Falling in love is for the birds

I’ll be the first one to tell you I’m a birdaholic. I started feeding birds about 20 years ago to entertain my cat but I was the one who became hooked. 

Fortunately they have support groups for people like me. They are called Feeder Watch programs, bird counts and nature centers.

Whenever I get a chance to be at home in the daylight hours I have to tear myself away from the patio door or I would not get a single thing done.

This year has been better than ever because we moved our suet feeder up onto the deck. And then I got a bonus big suet feeder for Christmas

The birds are just lovin’ my yard. And I’m lovin’ them right back.

Darryl Speicher of the Monroe County Conservation District said birds love suet because it’s instant high energy. Think of an Atkins bar for birds. That’s suet.

The neat thing about suet is that it attracts so many birds you wouldn’t normally see at feeders. I always had cardinals, sparrows (of all varieties but all brown in color), chickadees, juncos, titmouse and an occasional nuthatch

But suet feeders attract nuthatches and woodpeckers. Lots of them.

This year I have two woodpeckers on a regular basis: the downy, which is black and white with a red spot on its head and a red-bellied one. This year, a hairy woodpecker came to visit. They look just the downy but are huge, 8.5 to 10.5 inches long. 

I couldn’t believe it when I saw that big bird just feet away from my door. I tried to grab my camera but I scared him. I could almost see him swallowing.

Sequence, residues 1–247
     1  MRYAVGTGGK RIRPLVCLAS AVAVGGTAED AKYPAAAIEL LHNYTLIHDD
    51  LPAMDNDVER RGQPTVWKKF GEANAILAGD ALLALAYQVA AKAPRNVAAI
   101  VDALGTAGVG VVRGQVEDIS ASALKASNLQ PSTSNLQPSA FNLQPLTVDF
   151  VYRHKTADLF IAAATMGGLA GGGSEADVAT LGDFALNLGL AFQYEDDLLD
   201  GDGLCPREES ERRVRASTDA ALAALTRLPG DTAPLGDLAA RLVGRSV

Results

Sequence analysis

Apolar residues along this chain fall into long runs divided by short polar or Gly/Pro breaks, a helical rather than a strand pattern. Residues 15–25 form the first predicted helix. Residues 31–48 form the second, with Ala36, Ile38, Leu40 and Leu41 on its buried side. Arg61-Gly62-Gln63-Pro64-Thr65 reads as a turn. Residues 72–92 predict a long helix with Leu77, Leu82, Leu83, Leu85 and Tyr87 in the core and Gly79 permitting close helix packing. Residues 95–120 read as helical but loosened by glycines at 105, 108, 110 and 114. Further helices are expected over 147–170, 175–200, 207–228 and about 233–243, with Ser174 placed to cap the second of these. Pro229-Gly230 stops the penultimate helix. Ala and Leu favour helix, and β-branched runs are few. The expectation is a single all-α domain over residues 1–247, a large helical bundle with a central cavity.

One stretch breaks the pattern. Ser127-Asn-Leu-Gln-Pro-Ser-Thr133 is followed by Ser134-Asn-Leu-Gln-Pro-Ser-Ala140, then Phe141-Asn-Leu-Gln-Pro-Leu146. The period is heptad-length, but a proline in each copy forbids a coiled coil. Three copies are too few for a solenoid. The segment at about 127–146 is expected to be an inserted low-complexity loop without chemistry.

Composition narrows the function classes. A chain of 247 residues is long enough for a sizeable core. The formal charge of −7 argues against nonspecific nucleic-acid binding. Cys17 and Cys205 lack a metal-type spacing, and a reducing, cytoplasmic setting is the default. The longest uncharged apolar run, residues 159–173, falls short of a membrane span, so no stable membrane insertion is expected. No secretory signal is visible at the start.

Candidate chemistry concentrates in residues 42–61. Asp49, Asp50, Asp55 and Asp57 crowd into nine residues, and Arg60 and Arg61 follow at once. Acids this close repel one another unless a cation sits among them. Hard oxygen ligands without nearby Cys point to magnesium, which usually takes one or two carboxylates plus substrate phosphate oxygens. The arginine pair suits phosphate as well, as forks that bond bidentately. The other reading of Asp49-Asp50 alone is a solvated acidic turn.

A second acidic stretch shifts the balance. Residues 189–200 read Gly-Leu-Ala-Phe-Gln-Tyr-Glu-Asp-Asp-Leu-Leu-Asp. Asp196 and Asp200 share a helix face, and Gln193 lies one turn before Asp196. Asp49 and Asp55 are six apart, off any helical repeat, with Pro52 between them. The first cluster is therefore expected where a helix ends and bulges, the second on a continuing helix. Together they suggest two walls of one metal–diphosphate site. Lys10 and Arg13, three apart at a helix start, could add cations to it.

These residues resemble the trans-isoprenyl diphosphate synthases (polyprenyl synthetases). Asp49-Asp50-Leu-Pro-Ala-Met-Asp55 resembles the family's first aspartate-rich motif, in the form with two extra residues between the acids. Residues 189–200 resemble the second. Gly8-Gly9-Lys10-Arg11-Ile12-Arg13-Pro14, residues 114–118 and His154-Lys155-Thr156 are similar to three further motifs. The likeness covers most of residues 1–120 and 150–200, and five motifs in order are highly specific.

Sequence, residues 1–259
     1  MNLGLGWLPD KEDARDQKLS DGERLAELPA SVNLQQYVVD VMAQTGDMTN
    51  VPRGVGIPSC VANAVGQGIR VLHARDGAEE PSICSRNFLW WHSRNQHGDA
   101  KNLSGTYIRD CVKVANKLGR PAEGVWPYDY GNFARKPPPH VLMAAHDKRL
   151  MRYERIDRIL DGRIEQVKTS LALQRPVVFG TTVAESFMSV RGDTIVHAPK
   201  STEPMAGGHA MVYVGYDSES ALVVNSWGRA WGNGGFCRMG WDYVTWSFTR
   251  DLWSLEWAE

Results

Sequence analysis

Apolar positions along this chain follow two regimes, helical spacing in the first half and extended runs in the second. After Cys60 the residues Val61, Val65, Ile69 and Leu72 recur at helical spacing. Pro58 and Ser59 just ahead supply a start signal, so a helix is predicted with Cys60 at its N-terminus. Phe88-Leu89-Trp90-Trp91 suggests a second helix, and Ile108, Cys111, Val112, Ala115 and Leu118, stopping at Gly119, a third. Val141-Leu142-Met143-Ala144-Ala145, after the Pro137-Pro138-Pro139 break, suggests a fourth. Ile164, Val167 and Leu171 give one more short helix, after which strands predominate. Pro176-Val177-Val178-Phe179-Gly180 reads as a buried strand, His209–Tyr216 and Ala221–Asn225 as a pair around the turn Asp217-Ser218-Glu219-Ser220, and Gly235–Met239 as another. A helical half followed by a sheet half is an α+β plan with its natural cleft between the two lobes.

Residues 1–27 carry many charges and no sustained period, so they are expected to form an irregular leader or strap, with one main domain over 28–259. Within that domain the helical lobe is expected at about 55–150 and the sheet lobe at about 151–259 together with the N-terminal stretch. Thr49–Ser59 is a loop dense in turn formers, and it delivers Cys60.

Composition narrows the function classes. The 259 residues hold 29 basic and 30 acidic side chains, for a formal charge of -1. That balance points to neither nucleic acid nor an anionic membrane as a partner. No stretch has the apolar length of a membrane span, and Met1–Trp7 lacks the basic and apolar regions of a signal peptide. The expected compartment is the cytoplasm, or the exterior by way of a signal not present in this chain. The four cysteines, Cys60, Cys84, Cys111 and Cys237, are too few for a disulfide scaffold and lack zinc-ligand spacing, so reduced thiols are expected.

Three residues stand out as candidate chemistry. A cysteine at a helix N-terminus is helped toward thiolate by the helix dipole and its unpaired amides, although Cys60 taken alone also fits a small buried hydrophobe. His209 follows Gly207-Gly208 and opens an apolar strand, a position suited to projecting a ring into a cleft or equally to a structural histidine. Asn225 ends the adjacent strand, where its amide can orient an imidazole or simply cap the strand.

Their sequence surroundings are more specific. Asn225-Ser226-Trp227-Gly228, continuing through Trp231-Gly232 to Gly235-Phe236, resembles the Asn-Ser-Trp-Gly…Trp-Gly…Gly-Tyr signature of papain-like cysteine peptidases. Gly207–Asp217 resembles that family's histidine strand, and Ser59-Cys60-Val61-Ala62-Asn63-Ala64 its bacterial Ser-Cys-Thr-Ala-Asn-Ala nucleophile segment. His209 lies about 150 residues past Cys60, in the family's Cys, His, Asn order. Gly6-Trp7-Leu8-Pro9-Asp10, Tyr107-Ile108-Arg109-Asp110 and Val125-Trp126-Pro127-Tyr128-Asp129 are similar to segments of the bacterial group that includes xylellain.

I’ve yet to see a pileated woodpecker or red-headed woodpecker (yup, they look just like Woody) but I know they are here in the Poconos. Our readers have been sending us photos.

Children learn to make birdfeeders at the Monroe County Conservation District.

Speicher said Carolina wrens have been spotted in the Poconos, but you won’t see one at your bird feeder. “Put a suet feeder out and boom, there they are,” he said.


Suet cakes come in all varieties, including ones with fruit and insects embedded in them.


But Speicher says it’s really the suet that attracts them. Suet is rendered fat from meat. Beef and pork are good choices. You buy the trimmings in the store, cook it down so that it liquefies, mix it with seed and then let it get hard.

Speicher recommended mixing sunflower seeds or good birdseed mix with white millet and cracked corn. Stay away from oats, wheat and red millet. Those are fillers that birds don’t like.

Before I started buying suet cakes, I used to make my own mixture with bacon fat, peanut butter, ground cornmeal and bird seed. I’d put it in netting and hang it on a tree. You can buy suet cakes on sale for 89 cents so I stopped making my own.

It’s a great activity though with children. The conservation district works with school children to make feeders. They stay away from peanut butter now because of the allergies. Instead they use lard (rendered fat), cornmeal and birdseed.

If you do want to make your own suet, About birding offers really good directions.

Class coming up

The West End Park & Open Space Commission will provide materials to make pine cone bird feeders from 10 a.m. to noon Saturday, Feb. 16, at the Chestnuthill Park, Brodheadsville.

The program is free and fit for all ages.

 Share your birdfeeding stories and photos

So how do you feed the birds? If you have a feeder or suit feeder, take a picture of birds at your feeder. If you have a recipe, please share it with us. If you have a bird story, we want to hear it.

As an incentive, I have a great book I want to give away. It’s the Second Atlas of Breeding Birds in Pennsylvania. Everyone who sends me a bird story, a picture of birds at their feeder or a recipe for feeding the birds will get entered into the drawing for it. Email me at mgouger@poconorecord.com. Deadline is Thursday, Feb. 14.

Hey, that’s Valentine’s Day! Yup, we’re just lovin’ the birds.




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